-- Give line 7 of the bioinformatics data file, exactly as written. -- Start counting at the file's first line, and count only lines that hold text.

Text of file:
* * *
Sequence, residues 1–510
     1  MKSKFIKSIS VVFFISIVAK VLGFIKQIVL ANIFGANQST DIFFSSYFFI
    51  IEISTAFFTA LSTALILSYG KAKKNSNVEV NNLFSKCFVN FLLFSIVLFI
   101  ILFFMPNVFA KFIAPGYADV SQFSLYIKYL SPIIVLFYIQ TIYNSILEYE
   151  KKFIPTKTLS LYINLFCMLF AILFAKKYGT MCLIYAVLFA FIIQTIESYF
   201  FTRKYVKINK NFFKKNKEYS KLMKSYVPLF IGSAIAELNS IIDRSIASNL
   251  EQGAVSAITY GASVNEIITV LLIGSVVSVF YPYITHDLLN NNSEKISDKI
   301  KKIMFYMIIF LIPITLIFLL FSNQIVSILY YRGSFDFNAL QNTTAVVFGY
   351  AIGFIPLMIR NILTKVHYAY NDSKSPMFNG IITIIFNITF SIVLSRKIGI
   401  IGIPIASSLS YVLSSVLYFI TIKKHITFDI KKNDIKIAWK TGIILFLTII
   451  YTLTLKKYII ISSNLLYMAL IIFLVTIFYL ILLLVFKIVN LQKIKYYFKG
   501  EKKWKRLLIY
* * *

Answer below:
   251  EQGAVSAITY GASVNEIITV LLIGSVVSVF YPYITHDLLN NNSEKISDKI